Josh Jacobs has the perfect skillset that teams need in today’s NFL as he stands tall as our No. 1 running back prospect for the 2019 NFL Draft. Running backs who can make an impact in the passing game are more valuable than those who excel as pure runners.
In fact, last season in the NFL, the top five running backs in our PFF WAR (Wins Above Replacement) were Christian McCaffrey, Alvin Kamara, Saquon Barkley, Tarik Cohen and James White. All five produced PFF receiving grades of 84.0 or higher, and all five also pulled in at least 70 receptions. The trouble with running back value is that there is a low correlation (0.36) from year-to-year in WAR, however, their value in a given season is maximized when they can make an impact in the passing game.
There are two ways that people look at Jacobs’ numbers at Alabama. Jacobs saw 121 carries in 2019, a mark that ranks 58th among draft-eligible running backs. This wasn’t through injury, it was because the Alabama backfield was the most talented in the nation. Four running backs for the Crimson Tide saw more than 60 carries, and all four of them produced PFF rushing grades of 76.7 or higher. Two running backs saw more than 20 targets and both of them, Jacobs and Damien Harris, produced PFF receiving grades of 70.3 or higher. The reason why the Alabama backfield was split the way it was in 2018 is likely because of how many good players they had at the position. With that in mind, it’s important to look at how well Jacobs performed when he was utilized and that’s when it starts to become clear why he will be one of the top running backs, if not the top running back, off the board this year.
My colleague Mike Renner tweeted a fantastic number earlier this week about Jacobs: 41% of Jacobs rushing attempts in 2018 resulted in a first down, the highest percentage of any running back in college football. Not just this draft class, but in all of college football.
41% of Josh Jacobs’ carries last year went for a 1st down or TD – the highest percentage of any RB in college football
— Mike Renner (@PFF_Mike) March 20, 2019
Jacobs forced 33 missed tackles on 121 carries, averaging a missed tackle forced once every 3.7 rushing attempts. That ranks seventh in this draft class among running backs with at least 100 carries. He also ranks seventh in the class with a PFF elusive rating of 109.8 and with an average of 4.07 yards after contact per carry. However, it’s his work and skillset in the passing game which really makes him appealing to teams in the NFL.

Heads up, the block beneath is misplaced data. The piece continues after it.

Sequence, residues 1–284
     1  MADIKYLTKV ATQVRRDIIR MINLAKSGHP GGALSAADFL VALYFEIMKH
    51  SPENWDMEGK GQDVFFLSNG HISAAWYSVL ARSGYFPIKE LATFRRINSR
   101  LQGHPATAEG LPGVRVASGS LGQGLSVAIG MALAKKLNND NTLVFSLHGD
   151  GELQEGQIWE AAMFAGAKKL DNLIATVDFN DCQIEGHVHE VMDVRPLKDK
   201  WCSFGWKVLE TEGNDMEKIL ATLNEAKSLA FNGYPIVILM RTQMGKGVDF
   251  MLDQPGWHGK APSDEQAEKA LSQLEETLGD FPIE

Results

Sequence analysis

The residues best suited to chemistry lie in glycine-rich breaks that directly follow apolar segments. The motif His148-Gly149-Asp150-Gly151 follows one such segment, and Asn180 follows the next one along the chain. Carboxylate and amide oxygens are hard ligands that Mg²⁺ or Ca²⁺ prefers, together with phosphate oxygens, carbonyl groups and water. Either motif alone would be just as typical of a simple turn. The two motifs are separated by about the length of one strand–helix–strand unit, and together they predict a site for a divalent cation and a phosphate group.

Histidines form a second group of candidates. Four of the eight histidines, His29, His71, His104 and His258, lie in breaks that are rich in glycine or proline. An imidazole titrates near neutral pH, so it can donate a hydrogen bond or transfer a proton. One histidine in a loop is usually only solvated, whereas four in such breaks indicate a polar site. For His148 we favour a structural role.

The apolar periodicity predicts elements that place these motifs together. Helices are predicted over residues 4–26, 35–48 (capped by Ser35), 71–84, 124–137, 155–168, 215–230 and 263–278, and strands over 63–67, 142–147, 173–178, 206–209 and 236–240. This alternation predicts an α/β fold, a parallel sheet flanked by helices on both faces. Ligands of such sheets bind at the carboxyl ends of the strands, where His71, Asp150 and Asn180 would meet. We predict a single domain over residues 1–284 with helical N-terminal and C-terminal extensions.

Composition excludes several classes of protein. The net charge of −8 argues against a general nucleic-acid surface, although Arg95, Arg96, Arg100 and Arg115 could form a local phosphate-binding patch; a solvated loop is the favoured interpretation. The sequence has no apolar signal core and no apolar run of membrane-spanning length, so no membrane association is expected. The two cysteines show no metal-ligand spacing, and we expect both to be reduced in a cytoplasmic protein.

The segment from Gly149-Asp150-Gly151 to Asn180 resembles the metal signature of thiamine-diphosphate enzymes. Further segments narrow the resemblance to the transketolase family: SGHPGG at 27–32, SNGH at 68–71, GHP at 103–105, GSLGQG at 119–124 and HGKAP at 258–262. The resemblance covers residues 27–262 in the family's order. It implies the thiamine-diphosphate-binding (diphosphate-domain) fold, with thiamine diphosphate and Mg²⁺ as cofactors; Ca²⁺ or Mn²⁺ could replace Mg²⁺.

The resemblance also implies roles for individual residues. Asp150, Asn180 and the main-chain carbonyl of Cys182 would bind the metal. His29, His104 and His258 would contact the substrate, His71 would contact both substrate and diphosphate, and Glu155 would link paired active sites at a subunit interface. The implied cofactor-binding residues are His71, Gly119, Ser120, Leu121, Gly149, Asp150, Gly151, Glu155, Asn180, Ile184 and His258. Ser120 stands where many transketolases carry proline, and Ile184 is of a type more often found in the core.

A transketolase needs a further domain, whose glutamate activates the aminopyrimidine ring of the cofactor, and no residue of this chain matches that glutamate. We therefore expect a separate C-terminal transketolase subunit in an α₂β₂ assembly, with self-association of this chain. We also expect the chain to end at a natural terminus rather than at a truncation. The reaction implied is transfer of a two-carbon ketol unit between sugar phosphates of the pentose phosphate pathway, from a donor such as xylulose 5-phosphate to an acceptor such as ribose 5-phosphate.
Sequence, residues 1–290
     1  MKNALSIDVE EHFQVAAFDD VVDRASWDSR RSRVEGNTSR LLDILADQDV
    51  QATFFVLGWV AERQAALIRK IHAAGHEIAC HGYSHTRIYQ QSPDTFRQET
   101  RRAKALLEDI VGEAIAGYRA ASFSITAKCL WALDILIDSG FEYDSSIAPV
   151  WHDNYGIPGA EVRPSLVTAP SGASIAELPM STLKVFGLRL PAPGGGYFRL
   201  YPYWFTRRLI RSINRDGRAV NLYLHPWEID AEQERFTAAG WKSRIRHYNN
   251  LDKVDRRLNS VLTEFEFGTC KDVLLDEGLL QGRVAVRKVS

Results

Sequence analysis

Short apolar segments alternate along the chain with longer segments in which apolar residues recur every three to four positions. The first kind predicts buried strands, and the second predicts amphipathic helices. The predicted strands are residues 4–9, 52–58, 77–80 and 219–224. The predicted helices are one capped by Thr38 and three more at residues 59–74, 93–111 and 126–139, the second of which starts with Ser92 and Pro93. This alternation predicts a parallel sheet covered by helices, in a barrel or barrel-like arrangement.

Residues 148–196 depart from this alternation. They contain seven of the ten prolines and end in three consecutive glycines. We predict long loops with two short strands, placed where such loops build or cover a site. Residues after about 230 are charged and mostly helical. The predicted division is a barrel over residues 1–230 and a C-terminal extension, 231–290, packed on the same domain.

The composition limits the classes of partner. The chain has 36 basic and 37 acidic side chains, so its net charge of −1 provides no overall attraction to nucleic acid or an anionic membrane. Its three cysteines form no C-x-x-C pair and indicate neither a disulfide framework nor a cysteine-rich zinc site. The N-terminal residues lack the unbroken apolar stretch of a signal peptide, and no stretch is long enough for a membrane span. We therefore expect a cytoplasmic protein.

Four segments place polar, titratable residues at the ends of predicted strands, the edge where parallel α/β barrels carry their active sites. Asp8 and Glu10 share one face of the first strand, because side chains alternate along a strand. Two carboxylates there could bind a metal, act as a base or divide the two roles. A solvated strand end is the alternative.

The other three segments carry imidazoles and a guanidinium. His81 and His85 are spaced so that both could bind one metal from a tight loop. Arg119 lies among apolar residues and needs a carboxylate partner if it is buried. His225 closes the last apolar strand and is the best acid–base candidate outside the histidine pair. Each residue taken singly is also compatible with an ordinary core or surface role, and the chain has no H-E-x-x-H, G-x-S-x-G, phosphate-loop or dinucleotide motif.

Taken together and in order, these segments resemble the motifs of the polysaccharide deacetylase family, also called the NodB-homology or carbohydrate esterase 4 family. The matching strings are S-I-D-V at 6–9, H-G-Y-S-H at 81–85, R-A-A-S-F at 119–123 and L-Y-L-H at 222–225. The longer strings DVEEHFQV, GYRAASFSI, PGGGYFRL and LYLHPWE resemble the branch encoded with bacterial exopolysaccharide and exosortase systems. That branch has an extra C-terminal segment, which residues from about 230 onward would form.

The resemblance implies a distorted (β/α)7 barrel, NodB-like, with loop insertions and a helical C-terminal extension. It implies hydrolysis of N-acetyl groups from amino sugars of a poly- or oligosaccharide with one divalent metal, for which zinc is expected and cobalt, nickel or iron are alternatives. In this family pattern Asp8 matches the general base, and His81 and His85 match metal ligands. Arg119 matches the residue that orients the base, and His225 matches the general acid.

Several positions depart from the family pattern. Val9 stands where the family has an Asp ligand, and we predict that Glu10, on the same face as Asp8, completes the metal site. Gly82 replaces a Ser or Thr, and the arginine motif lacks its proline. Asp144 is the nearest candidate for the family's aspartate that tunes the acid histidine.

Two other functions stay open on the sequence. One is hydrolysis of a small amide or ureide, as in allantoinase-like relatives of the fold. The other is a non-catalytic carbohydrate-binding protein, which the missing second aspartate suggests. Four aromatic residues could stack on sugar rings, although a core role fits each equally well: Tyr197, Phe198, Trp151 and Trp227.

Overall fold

Jacobs saw just 56 targets in his three seasons at Alabama but that doesn’t tell the whole story. When he was used in the passing game, he was dynamic, averaging 12.4 yards per catch and forcing 21 missed tackles from 48 receptions. He was also consistent with just three drops over that span.
Those missed tackle numbers showcase just how difficult he can be to bring down in the open field, something which Jacobs has put on display since he first saw the field for Alabama back in 2016. One play that stands out at this time was this play against Mississippi State. On 1st & 10 with 10:21 left in the second quarter, he catches the pass from quarterback Jalen Hurts in the flat and begins to take it upfield. He effortlessly made the defenders miss with just two quick cuts.
He showcased that ability again on a 33-yard touchdown against Auburn in the Iron Bowl in 2018, this time making the reception downfield. Once the ball was in his hands though, he was just as tough to bring down as he was when he caught the ball in the flat. After shrugging off two tacklers, he cuts by another and is in the end zone.
Jacobs didn’t have a great day at his Pro Day and that, combined with any concerns about his usage at Alabama gives pause to the notion that he should be a first-round draft pick in many eyes. Though, we were never going to suggest him as a first-round draft pick though, our thought process being that the value just isn’t there for a running back. When running backs start to come off the board though, Jacobs’ film, skillset and PFF grades suggest that he should be the first to hear his name called.